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Oswald v. Colvin

United States District Court, D. Minnesota

February 15, 2017

Keith W. Oswald, Plaintiff,
Carolyn W. Colvin, Acting Commissioner of Social Security, Defendant.

          Karl E. Osterhout, Esq., Osterhout Disability Law, LLC, and Edward C. Olson, Esq., Attorney at Law, counsel for Plaintiff.

          Gregory G. Brooker, Esq., United States Attorney's Office, counsel for Defendant.


          BECKY R. THORSON, United States Magistrate Judge.

         Keith W. Oswald seeks judicial review of the Commissioner of Social Security's final decision denying his application for disability insurance benefits. 42 U.S.C. § 405(g). This matter is before the Court on the parties' cross-motions for summary judgment. D. Minn. LR 7.2(c)(1). For the reasons stated below, the Court concludes the Administrative Law Judge's decision is supported by substantial evidence in the record. Therefore, Plaintiff's Motion for Summary Judgment is denied and Defendant's Motion for Summary Judgment is granted.


         I. Procedural History

         Plaintiff, Keith W. Oswald, filed a Title II application for Disability Insurance Benefits (“DIB”) and a Title XVI application for Supplemental Security Income (“SSI”) on September 20, 2011, alleging a disability onset date of June 1, 2010. (Tr. 181, 187.)[1]Plaintiff's claims were denied initially on April 13, 2012, and upon reconsideration on November 9, 2012. (Tr. 97, 112.) Plaintiff requested a hearing, which was held on February 26, 2014. (Tr. 39.) The Administrative Law Judge (“ALJ”) issued a decision denying Plaintiff's claims on July 18, 2014. (Tr. 11-33.) On October 7, 2014, the Appeals Council denied review, making the ALJ's July 18, 2014 decision the final decision of the Commissioner. (Tr. 1-6); see 20 C.F.R. §§ 404.981, 416.1481.

         On December 3, 2015, Plaintiff timely filed this action pursuant to 42 U.S.C. § 405(g), seeking review of the final decision of the Commissioner. (Doc. No. 1.) The parties filed cross-motions for summary judgment pursuant to D. Minn. LR 7.2(c). (Doc. Nos. 16, 18.) Plaintiff argues that the ALJ erred by discounting the opinions of an examining consultative psychologist and a non-examining state agency psychologist. (Doc. No. 17, Def.'s Mem. 4-19.) Defendant asks the Court to affirm the Commissioner's decision because the ALJ properly addressed those opinions, and the denial of benefits is supported by substantial evidence. (Doc. No. 19, Def.'s Mem. 7-13.)

         II. General Background

         Plaintiff was forty-three years old on June 1, 2010, his alleged onset date.

         (Tr. 410.) He graduated from high school and was in the United States Army from 1985 until 1989, stationed at Fort Bragg in North Carolina. (Tr. 213, 406.) While in the Army, he completed a metal working course, and then received a general discharge. (Tr. 214, 406.) He worked as a carpet installer from 1985 to 2008; a small engine mechanic/repairman from 1985 to 2010; and a welder/assembler from 2005 to 2007. (Tr. 214, 232.) Plaintiff also worked intermittently as a cook. (Id.) Plaintiff's last job was as a part-time stir fry cook at a Chinese restaurant. (Tr. 302.) He left that job due to an anxiety attack in October 2013. (Tr. 44, 61.) Since September 2011, Plaintiff has lived in an apartment in Hibbing, Minnesota. (Tr. 43.)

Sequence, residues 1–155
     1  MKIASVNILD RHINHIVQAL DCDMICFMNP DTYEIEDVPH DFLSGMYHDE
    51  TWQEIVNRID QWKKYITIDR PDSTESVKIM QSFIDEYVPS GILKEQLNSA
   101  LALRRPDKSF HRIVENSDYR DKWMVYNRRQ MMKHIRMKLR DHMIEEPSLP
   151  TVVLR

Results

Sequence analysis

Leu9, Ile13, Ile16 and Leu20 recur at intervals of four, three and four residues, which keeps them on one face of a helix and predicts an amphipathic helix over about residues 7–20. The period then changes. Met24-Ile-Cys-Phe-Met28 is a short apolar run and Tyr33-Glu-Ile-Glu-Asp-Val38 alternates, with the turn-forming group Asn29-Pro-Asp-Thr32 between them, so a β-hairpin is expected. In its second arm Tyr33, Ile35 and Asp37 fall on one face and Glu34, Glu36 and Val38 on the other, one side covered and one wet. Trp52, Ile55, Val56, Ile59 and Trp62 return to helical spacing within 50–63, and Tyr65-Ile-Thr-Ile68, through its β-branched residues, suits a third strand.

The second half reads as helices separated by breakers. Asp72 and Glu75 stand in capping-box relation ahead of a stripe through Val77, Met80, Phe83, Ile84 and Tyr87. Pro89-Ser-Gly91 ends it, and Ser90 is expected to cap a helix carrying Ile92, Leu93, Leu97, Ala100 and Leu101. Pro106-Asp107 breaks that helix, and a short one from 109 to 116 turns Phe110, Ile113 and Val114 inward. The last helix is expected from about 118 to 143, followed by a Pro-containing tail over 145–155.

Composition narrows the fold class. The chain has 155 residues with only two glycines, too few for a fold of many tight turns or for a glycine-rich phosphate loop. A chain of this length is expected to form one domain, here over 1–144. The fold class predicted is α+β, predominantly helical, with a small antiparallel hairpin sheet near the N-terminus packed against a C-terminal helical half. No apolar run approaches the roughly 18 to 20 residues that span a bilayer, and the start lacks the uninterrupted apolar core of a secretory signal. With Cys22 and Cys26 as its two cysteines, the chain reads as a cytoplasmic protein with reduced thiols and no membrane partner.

III. The ALJ's Findings and Decision

         In his decision dated July 18, 2014, the ALJ found that Plaintiff was not disabled as defined by the Social Security Act and denied Plaintiff's application for DIB and SSI. (Tr. 33.) The ALJ proceeded through the five-step evaluation process provided in the social security regulations. See 20 C.F.R. § 404.1520(a)(4). These steps are as follows: (1) whether the claimant is presently engaged in “substantial gainful activity”; (2) whether the claimant is severely impaired; (3) whether the impairment meets or equals a presumptively disabling impairment listed in the regulations; (4) whether the claimant can perform past relevant work; and, if not, (5) whether the claimant can perform other jobs available in sufficient numbers in the national economy. Id. § 404.1520(a)-(f).

         At step one, the ALJ found that Plaintiff had not engaged in substantial gainful activity since June 1, 2010, the alleged onset date. (Tr. 13.) At step two, the ALJ found that Plaintiff has the following severe impairments: spine impairment with radiculopathy status post 2010 fusion; degenerative joint disease; right shoulder impairment; residual pain status post bilateral knee surgeries; chronic pain syndrome; vertigo; affective mood disorder; anxiety disorders; somatic dysfunction; attention deficit hyperactivity disorder; and a history of alcohol abuse. (Id.) The ALJ concluded that the following impairments or conditions were non-severe: carpal tunnel syndrome; bilateral arm numbness; right epicondylitis (tennis elbow); obesity; smoking; right finger soft tissue injury; shingles; sinus bradycardia; hypertension; and headaches. (Tr. 13-15.) The ALJ reasoned that these impairments “were not shown to result in more than minimal interference with ...

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